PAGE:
Taking tests: it's a begrudgingly accepted part of college life, and it’s no different for students at Lansing Community College.
What is different is that among any group of students taking math at LCC, there could be some Michigan State University students.
"LCC is seeing growth in students that are not ready for college-level mathematics,” LCC Math Department Chair Todd Troutman said Wednesday.
Some of the students are adult students using basic classes to get back up to speed. However, some MSU students fresh out of college are among those attending LCC math courses.
Troutman's math colleague at MSU, Director of Undergraduate Math Studies, William Brown has some insight as to why it's happening.
"I think students might be concerned with the level of competition at MSU. They feel it might be easier at LCC," Brown said.
That is to say some students don't feel ready for a college-level math environment.
Other possible reasons include a lower cost and smaller classes.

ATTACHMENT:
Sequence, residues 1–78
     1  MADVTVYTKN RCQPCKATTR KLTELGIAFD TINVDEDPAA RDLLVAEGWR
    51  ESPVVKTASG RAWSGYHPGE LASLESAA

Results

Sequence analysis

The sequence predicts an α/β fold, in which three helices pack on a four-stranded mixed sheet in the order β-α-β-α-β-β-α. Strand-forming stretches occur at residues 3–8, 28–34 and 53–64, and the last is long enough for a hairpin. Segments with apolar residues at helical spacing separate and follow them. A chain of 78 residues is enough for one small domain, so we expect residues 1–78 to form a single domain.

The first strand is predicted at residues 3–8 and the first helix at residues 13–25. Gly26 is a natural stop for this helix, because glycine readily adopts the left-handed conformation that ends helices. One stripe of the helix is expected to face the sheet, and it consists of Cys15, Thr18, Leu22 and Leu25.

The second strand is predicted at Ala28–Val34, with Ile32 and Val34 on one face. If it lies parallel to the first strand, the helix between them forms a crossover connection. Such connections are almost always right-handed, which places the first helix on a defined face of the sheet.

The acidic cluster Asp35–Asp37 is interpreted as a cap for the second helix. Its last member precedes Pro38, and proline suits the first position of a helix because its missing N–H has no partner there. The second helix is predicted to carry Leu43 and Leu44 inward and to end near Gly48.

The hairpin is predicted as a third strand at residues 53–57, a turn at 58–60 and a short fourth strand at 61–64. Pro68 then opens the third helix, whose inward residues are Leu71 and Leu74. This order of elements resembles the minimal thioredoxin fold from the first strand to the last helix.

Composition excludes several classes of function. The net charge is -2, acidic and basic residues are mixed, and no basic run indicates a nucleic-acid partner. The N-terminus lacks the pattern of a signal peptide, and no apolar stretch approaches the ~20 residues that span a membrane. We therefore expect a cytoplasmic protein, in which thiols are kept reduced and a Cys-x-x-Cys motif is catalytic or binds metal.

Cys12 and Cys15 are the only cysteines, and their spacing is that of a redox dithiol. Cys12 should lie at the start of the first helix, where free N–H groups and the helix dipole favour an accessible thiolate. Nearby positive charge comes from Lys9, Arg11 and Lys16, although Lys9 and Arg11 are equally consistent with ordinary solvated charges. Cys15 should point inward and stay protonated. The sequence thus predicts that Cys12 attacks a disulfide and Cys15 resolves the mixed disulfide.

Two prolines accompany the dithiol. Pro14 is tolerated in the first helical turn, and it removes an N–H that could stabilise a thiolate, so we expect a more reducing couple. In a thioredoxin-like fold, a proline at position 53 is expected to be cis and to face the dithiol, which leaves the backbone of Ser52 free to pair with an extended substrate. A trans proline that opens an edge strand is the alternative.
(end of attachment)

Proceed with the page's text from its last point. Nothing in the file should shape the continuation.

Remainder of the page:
Separately, LCC teaches three sections of math courses specifically designed for and restrict to MSU agricultural technology students.
Still, MSU Dean of the College of Natural Sciences George Leroi says the math skills of his incoming class are a concern.
"The high school GPA is up. The math skills of students are up. The fraction of students not at college level math is down a bit, but it's still too high," Leroi said.
In fact, 50 fewer MSU students are taking below-college-level math on campus this year than last, but that number could be canceled out by the growing numbers taking basic math at LCC.
Regardless of how those numbers balance out, Leroi says K-12 math education in Michigan needs to be improved. He's studying ways to teach math more effectively in Ingham County, among other places.
It's something that, combined with new statewide high school math requirements could mean fewer college students taking basic math classes.
But of course, there will always be tests.